Debra said for her what is going to be most challenging, particularly within the first six months after January, is that the rules are very complex. There is a lot of detail, and the ability to repay rule was over 800 pages long. The question is even though we have the rules, will all of this complexity make lenders even more conservative than they are today. Bruce asked if it is better to know the rules finally than it is to still wonder what the rules are. Debra said they had talked over the past couple years about how much uncertainty there has been in real estate finance. They now do have a bit more certainty and have the rules. They are still waiting to hear from the CFPB the definitions and interpretations of some of the aspects of the rules. Congress allowed FHA to write their own QM rules, so they just FHA’s ability to repay the QM definition on Friday. There are still a lot of interpretations they are waiting for, such as the Mortgage Bankers Association which has an 86-page Q and A into the CFPB over the servicing standards rule. Still waiting on definitions leaves them with a little bit of uncertainty. With seven rules all going into effect at once and with some of the interpretive issues, the complexity is pretty meaningful.
Bruce asked if all national rules they are waiting on are national in scope and if they trump any state rules. Debra said these are federal rules, so they will apply to all lending institutions regardless of the business channel. Some of the large depositories are federally regulated, and the independent mortgage bankers and brokers are state regulated. For the independent mortgage bankers and brokers who must comply not only with the federal rules but also with the state rules, it is going to be the most conservative of the two. In the case of Pulte Mortgage, they operate in 30 states and have to know all of the state rules. Anywhere a state is more conservative than the CFPB, they have to follow the more conservative version. Where we are really bumping up into some disparities that the CFPB is working with the states on is in the servicing standards.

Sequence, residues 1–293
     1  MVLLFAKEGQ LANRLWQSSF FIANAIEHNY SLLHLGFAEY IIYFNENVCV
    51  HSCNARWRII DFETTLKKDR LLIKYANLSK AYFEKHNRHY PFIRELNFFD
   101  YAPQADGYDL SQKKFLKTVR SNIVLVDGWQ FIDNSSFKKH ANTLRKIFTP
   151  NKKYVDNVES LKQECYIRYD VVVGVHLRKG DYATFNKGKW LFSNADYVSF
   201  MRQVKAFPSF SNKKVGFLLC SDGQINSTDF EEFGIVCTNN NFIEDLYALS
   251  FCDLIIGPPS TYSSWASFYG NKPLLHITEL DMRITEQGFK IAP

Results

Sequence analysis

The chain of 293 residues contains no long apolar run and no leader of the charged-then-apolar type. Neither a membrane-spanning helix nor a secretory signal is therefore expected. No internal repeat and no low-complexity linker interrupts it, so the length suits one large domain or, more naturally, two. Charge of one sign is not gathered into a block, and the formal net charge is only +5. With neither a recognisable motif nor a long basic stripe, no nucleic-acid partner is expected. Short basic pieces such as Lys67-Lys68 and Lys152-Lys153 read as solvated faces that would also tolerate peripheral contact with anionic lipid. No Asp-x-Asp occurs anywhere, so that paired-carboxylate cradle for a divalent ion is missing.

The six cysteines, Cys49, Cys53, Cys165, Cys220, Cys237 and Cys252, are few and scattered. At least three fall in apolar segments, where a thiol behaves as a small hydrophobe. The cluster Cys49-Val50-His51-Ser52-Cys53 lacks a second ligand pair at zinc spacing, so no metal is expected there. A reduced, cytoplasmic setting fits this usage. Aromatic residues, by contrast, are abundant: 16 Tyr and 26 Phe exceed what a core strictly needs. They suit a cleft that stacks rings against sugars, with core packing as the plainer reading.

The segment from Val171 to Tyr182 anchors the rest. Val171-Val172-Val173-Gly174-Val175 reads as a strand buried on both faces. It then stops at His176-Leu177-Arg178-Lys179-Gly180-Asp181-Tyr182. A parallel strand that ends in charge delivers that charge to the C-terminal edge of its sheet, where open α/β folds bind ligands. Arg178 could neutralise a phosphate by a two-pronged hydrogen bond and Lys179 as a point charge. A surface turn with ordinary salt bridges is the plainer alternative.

CFPB just made an announcement last week that helps them with some of the notifications in the servicing rule. However, that is another level of complexity that lenders have to deal with if they are state-regulated. Bruce asked how you would read 800 pages of who to loan if you are just a small shop. Debra said one of the biggest concerns is this notion of “too small to comply” and if a lending environment will have the bandwidth to be able to incorporate all of this. They have to write new policies, new procedures, and they have to reprogram their technology systems. In addition, they have to update all their document retention schedules, monitor for future changes, and train employees. For the small community banks and lenders, that is a big concern and the timing is a bit challenging.
If you look at the increase in overhead as it relates to quality control and legal compliance technology, we are investing in infrastructure during a time when for most lenders volume is declining. Rates are ticking up, and recent finances are down about 70%. This means you have lower productivity, declining volume, and rising interest rates all at a time when overheads are increasing. It is very challenging for any lending institution, but particularly the smaller ones. You are going to have fewer players that are capable of obeying the rules or even understanding them.
Bruce wonders about the lenders who decide it is all worth doing and if they will be forced to offer fewer loan products. Debra said yes and that the ability to repay rule prohibits some of what they may have called the exotic loan products of the past. Some of those should have gone away, like the pay option ARMs and others. However, there are interest-only loans for highly qualified individuals. They are starting to see credit constricting a little as it relates to the IOs disappearing from the marketplace in anticipation of the new rules. In addition, the GSEs just announced that they will not buy a loan anymore that does not meet the definition of a qualified mortgage. The liquidity in a non-qm loan is going to be diminished. That is where they hope the private capital in the private marketplace will play a role. Right now what they are seeing is that while private capital seems to be coming back in the jumbo space, it is only for the wealthiest borrowers. They have not seen any indication of private capital being interested in supporting middle class America.